In July 1944, Nazi Germany sent boats to the Aegean island of Rhodes to take its approximately 1,700 Jews to Auschwitz. Now, surviving Jews from Rhodes and their descendants gather on the island every summer to celebrate their past and commemorate the destruction of their community. Gavin Rabinowitz writes:
[Many] descendants of the Jews of Rhodes . . . return to the island for family functions like bar mitzvahs and weddings. And, in recent years, dozens of Rhodeslis families visit each year for cultural events and memorial services that mark the anniversary of the Nazi deportation. . . .
[A] vibrant, cosmopolitan Jewish community of traders and craftsmen [once] lived in the Jewish quarter of Rhodes, la Juderia—a warren of narrow cobblestone alleys behind the great stone fortress walls and moat of the old port city. . . .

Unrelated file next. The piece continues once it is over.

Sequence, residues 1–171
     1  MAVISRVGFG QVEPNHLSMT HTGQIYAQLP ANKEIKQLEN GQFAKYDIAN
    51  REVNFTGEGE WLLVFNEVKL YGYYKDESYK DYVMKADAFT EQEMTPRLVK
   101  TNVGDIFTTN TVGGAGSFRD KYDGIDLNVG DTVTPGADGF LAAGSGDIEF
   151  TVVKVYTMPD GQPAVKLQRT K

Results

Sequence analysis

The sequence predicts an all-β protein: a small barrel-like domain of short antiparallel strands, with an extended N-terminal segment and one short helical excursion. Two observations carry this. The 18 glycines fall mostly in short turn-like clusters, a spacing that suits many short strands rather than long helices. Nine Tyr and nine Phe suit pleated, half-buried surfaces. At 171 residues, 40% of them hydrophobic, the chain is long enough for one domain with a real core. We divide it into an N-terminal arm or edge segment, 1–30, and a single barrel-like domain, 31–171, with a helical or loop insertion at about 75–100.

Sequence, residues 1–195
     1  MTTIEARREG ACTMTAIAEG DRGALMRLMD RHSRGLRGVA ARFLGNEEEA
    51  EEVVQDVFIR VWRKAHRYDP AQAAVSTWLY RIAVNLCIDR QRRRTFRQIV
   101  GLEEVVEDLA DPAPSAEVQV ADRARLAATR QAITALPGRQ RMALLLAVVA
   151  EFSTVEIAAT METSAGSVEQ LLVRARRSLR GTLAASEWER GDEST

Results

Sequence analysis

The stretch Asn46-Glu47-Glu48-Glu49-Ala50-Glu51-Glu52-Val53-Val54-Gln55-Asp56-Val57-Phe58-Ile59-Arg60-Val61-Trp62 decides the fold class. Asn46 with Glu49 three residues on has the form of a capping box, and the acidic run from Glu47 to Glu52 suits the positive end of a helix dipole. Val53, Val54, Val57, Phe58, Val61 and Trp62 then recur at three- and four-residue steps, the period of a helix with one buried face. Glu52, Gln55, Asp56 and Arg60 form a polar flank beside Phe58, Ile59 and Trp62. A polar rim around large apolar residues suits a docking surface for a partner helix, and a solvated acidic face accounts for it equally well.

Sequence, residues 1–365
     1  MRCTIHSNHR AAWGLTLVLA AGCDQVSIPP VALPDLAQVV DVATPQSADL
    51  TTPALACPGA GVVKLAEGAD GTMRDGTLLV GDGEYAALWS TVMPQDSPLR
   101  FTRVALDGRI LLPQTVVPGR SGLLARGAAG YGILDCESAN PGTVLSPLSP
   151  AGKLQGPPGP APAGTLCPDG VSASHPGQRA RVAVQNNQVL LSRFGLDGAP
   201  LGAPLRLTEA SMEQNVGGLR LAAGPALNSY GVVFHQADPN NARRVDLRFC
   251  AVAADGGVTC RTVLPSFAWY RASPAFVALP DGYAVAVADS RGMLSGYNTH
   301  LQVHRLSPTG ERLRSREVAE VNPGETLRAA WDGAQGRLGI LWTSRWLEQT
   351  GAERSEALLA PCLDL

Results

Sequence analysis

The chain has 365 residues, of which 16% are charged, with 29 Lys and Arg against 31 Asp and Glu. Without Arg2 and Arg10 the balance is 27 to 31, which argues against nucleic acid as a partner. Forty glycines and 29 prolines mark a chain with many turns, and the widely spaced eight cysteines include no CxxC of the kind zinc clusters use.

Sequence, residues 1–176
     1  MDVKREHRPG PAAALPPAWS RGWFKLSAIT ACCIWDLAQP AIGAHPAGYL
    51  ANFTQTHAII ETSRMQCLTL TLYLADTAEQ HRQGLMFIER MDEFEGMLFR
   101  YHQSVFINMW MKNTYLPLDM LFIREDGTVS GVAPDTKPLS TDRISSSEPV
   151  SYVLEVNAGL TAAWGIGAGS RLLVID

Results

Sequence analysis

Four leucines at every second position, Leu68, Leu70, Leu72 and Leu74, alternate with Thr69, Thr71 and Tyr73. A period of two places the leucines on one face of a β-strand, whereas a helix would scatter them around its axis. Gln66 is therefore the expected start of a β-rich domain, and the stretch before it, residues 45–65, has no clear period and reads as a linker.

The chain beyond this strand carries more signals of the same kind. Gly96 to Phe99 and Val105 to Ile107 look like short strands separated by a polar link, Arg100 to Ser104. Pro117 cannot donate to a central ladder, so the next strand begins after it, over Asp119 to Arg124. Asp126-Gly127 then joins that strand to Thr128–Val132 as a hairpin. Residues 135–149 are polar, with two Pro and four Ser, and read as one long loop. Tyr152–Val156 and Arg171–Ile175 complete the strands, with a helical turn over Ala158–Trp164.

The Jewish community of Rhodes traces its history back to the 2nd century BCE, but most of the community members were descendants of the Sephardi Jews expelled from Spain [in 1492] and spoke Ladino in their daily lives. The community largely thrived under Ottoman rule, reaching a [demographic] peak in the 1920s with some 4,000 Jews, a quarter of the total town population. It had four synagogues, a Jewish school, and a yeshiva.